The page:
My Mum isn’t a sailor, and a phone call to her is probably just going to send her in to a panic. So to make your emergency contact person’s life a lot easier, you could consider leaving a folder with the following information, all of which can give the Rescue Coordination Centre valuable pieces of the puzzle.
- A Trip Report – Details of the port you are leaving, the port you are heading to, your route, any potential places you are planning or could potentially stop at along the way, the charts you have on board, and your estimated time of arrival. Perhaps you could send through a copy of your Passage Plan. How will you contact them when you arrive or to advise you are ok? Will you be making Trip Reports on the radio as you sail along? These details will obviously be changing for each trip, so this information could just be in the form of an email to your emergency contacts before you head off. Without this information and if someone is overdue, any search and rescue will be like finding a needle in a haystack.
- Other Yachts – If you are travelling with other vessels, leave their details as well, perhaps advise their blog page, satellite phone number etc.
- Discuss with your contacts what they should do if you are overdue, explain that you might not be able to keep in touch when you are at sea, but when (and how) should they raise the alarm if they haven’t heard from you by the agreed time?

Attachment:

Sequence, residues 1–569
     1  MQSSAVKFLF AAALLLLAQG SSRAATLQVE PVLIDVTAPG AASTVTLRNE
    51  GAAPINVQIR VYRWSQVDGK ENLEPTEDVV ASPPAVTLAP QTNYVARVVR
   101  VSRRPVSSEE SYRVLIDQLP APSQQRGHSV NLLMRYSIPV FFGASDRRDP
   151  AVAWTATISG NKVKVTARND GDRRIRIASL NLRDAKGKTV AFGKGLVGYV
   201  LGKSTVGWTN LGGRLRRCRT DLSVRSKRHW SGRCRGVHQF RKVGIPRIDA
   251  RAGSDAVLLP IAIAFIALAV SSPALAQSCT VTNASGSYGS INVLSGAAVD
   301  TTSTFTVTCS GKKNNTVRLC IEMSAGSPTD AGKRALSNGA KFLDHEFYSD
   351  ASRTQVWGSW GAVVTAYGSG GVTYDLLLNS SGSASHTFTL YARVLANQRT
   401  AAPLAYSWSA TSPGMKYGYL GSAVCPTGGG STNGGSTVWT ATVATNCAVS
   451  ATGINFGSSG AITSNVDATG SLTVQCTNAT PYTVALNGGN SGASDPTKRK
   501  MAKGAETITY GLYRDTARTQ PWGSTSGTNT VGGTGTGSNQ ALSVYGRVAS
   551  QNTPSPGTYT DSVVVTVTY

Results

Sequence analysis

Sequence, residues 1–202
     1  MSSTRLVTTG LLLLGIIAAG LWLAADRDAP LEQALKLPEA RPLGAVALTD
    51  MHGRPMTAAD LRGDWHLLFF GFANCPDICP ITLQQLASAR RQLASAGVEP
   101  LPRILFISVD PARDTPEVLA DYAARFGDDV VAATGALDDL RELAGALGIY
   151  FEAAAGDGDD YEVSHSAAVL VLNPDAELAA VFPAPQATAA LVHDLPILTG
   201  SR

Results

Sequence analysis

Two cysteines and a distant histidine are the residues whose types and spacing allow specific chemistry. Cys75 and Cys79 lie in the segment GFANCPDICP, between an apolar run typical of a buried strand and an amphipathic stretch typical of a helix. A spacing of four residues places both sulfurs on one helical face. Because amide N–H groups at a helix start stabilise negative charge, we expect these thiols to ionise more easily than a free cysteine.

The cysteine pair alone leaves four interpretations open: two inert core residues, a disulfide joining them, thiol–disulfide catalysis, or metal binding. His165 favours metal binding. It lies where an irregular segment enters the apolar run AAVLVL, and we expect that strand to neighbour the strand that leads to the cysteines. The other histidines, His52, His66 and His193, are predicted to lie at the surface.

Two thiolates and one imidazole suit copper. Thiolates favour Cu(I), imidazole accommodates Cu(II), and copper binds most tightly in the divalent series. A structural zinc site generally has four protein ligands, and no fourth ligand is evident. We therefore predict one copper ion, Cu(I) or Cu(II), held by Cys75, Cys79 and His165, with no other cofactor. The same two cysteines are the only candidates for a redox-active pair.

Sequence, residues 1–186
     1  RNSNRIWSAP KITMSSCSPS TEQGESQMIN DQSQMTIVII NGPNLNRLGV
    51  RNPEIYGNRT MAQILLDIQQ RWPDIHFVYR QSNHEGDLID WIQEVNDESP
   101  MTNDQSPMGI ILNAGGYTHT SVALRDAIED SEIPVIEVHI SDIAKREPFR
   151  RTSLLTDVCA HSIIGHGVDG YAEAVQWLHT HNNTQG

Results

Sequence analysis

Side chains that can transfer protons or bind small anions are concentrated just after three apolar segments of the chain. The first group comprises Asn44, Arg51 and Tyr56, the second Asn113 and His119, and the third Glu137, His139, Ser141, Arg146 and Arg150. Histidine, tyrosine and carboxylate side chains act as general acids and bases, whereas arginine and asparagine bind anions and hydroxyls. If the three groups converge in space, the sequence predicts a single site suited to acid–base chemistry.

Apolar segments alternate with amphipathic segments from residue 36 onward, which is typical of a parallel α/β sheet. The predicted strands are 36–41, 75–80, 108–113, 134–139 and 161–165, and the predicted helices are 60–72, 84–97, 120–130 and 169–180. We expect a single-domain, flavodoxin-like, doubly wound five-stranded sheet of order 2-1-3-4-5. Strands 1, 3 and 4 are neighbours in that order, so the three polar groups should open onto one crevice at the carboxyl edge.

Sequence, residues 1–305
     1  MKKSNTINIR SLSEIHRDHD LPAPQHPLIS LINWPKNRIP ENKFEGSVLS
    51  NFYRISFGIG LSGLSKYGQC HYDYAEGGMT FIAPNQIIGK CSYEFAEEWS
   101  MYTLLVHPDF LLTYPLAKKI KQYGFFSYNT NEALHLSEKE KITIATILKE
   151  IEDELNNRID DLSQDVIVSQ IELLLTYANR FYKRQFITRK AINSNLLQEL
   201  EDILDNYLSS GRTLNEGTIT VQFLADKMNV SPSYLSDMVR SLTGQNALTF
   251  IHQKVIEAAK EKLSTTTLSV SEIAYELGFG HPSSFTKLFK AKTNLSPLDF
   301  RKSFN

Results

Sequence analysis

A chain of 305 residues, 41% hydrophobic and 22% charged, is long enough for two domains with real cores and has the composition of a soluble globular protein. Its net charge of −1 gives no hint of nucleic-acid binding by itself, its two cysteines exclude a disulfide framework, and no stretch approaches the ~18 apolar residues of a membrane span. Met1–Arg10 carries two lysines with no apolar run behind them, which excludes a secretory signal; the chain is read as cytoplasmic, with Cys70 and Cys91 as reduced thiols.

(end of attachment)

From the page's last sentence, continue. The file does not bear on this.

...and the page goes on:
- Contact details for the Rescue Coordination Centre – Give them the telephone number of who to call if you are overdue. The best is the contact details for the Rescue Coordination Centre in your country of residence (or where your EPIRB is registered) or ask them to call the Police. These people are super helpful, and they can discuss the options for starting a search if necessary.
- Boat Description and Photographs – Describe your boat in detail, give the name, length overall, color and type of vessel. Include other details like the model, and color of your dinghy, and life raft and other safety gear on board. Add a description of dodgers, awnings, sail covers and colours. Also have the registration number, sail number or documentation number.
- Add photos – Take outside shots of the bow, beam, and stern, and leave them with digital copies as well as printed copies that can be emailed.
- Crew Details – include their names, gender, age, address, passport copies, emergency contact person details, and a photo of the skipper and crew. Note if anyone has any medical conditions that require medication or monitoring. The more the Rescue Teams know ahead of time, the better equipped they will be to make the best decision for an injured or sick crew member.
- Insurance Details – Leave a copy of your insurance policy, and contact details of the insurer. Give your insurance company the details of your emergency contact person, so they have the authority to act on your behalf. If it turns out that the boat has lost its rudder or mast for example, and requires a tow- the insurance company will need to be informed.